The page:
"I HAVE JOINED WITH
SHADOW SEED, AND SOON...SO WILL THE PRINCE! HA HA
HA! Now how do I turn this thing off?"
"We have to tell the
king!" says Graer.
"No way," says Quest. He knows the
queen will take any excuse she can to get him
banished or worse. He, Graer and Cyborg (who was
the commander of the Royal Guard back then) set
off on a private rescue mission.
Within Shadow Seed's lair,
S.S. and Ogun are having about as much fun with
Nester as Quest had. Ogun is struggling over
changing a diaper, and Mr. Seed gets a new
"PREPARE ANOTHER BATH FOR ME," growls
Shadow Seed, and he and Ogun leave. Quest and
company drop in. Nester takes this opportunity to
wail like a siren. Ogun finds out, but this time
Quest has a secret weapon. He takes a torch from
the wall, holds it up to Nester's rear end, and a
blast of flaming methane roasts Ogun to a crisp.
"YOU MAY HAVE WON THIS
BATTLE, QUEST, BUT NOT THE WARRR!" Ogun
yells for lack of an original statement. He
throws a glowing ball, a cloud of dust envelops
everything, he and his lair disappear and our
heroes find themselves back at the gates of the
castle again. Unfortunately, the queen is there
waiting for them, and she looks cheesed.
"I DEMAND YOUR HEAD! And
any other parts of you that can be chopped
off!" the queen yells at Quest. The king
suggests a lighter punishment, like eternal
banishment. "NUH-UH! GOO GOO!" says
Nester with his thumb down.
The decision ends up with Cyborg, who must cast
the tiebreaker vote. He goes with banishment, and
Quest leaves Nester--and the kingdom--forever. Or
maybe not forever.
The fog is gone, but Quest is
the last one to snap out of it. He refuses to
answer all questions about what he saw.
"Come on, we have a quest to finish!"
he snarls, changing the subject, and they all
"You know, it's funny,
but I'm craving milk right now," says
"Hey, me too!" adds Graer.
"Forget it, my nursing days are over,"
World of Quest bears the
distinction of being Kids WB's last new program,
debuting one week after Spider-Man. If you're
familiar with television at all you know being
the last show on a sinking ship is never a good
thing. This show WILL only have 13 episodes and
will vanish off the face of the earth next
September, until it appears on Toon Disney at 3
in the morning in the year 2014.
I feel the same attachment to
this as I do to Mon Colie Knights, but for
different reasons. I give World of Quest a solid
B -- it's a lot of fun. It's too bad only three
people in the entire US will ever know that.
What came next? I dunno...you
tell me. Guess what? History repeated itself.
Remember when I said I don't have the last
half-hour of the first day of Kids WB because the
tape stopped? I don't use tape anymore, but I had
to switch DVDs four hours in and the last hour
was recorded on a disc that finalized wrong,
resulting in no menu and no way to get what I
saved out of it. HOORAAAAY!
was what would have come next here, running on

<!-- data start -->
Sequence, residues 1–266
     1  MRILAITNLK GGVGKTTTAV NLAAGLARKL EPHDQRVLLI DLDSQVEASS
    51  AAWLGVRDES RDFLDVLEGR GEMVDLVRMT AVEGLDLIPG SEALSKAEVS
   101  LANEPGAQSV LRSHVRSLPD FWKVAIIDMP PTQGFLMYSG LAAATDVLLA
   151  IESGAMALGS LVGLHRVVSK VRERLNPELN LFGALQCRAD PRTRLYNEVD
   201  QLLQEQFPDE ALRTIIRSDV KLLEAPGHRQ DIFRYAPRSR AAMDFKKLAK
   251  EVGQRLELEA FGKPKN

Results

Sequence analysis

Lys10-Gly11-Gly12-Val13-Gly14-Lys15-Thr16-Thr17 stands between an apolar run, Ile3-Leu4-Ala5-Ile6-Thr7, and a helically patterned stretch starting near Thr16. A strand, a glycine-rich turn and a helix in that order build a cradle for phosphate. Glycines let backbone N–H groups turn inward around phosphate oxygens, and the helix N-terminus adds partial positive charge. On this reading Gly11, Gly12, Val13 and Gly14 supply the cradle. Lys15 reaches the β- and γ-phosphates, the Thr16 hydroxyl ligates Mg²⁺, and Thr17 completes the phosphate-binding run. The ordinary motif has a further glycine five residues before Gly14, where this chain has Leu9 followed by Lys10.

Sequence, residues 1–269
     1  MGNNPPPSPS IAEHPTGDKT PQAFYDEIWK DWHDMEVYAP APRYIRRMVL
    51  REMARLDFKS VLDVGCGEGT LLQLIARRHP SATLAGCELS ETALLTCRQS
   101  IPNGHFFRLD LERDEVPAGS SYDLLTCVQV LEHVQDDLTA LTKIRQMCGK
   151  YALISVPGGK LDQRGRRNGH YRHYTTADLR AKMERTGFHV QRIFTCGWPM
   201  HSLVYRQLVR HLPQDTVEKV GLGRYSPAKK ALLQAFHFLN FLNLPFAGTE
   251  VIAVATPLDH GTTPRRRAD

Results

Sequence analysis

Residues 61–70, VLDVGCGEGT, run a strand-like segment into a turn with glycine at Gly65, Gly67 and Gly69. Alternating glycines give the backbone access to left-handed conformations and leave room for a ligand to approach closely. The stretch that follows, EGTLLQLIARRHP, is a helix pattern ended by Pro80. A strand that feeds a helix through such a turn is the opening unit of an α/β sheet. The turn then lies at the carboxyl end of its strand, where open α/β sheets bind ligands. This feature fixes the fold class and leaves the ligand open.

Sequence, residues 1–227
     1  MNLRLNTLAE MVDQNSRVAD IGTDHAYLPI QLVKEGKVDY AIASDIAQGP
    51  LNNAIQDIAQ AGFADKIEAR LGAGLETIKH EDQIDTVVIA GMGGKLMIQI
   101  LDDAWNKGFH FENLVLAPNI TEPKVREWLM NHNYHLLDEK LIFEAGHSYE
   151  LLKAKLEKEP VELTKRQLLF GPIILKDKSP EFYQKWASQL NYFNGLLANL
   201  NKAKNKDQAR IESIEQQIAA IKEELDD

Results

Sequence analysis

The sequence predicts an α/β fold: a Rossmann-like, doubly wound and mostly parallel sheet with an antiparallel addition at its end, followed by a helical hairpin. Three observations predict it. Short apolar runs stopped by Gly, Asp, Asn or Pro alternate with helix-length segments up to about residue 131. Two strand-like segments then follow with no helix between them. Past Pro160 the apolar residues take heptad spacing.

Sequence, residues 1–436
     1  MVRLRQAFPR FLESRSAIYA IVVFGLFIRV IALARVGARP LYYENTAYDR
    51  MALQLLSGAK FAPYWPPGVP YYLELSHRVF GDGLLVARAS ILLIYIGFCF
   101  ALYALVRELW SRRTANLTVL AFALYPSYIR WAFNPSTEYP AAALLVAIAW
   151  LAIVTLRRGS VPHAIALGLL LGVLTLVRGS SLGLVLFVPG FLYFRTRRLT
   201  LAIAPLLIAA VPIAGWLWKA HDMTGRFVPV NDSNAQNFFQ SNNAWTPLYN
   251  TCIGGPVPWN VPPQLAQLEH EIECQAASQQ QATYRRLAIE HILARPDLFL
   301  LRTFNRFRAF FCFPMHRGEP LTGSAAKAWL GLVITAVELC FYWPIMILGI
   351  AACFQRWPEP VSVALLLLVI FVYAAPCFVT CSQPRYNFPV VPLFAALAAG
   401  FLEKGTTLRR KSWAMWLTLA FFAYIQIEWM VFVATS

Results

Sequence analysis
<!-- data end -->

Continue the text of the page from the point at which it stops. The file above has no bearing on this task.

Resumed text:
its third and final season. Johnny Test used to
be produced in-house as an authentic Warner Bros.
show, but it changed to a cheap Canadian show
midway through. Johnny Test is Dexter's Lab in
reverse -- Johnny's sisters are the smart ones
and he is the guinea pig. Also, his dad is a
homemaker and his mom is a corporate
overachiever. And there's someone named
"Bling Bling Boy" whose presence alone
usually means hilarity. I've enjoyed Johnny Test,
but season 3 has kind of sagged in places.
The final episode of JT,
which ran last March, involved Johnny once again
becoming his superhero alter-ego Johnny X. The
majority of Johnny X's villains joined forces to
beat him, but failed. Then some aliens who'd
appeared earlier in the season arrived and
started stealing all of Earth's trees and water,
and the villains had to join forces with Johnny
to save the world. They reasoned that if they all
farted at the same time, the aliens' spaceship
would be destroyed--but Johnny X might perish in
the blast. Johnny pondered on this, but
ultimately decided it was his superheroic duty to
use his superfarts to save the day, even if it
meant sacrificing himself. The others ran to
escape pods, Johnny farted, and the ship blew up,
and everyone was sad because they thought he was
dead...but then he returned safe and sound.
So it was basically like the
final season of Charmed all over again.
Or the entirety of Charmed
all over again.
The last show of the morning
was Eon Kid. Based on the promos, it looked
terrible, and if I'm not going to be reviewing
it, then I see no need to ever watch it. I'm not
going to even bother bolding its name.
People were struck by
disbelief when they heard who was taking over in
Kids WB's place: 4Kids. "Doesn't 4Kids
already have Fox? Haven't they had it since
2002?" Nay, 4Kids won't be satisfied until
it has everything. They're now calling the block
"CW4Kids," for as long as the CW will
last. They might as well call it
"CW4PoorKids," no adolescent with cable
would be caught dead watching their stuff.
(Except for the new TMNT, hopefully.) 4Kids is a
cancer. 4Kids is a cancer, and I am
the....uh....what cures cancer?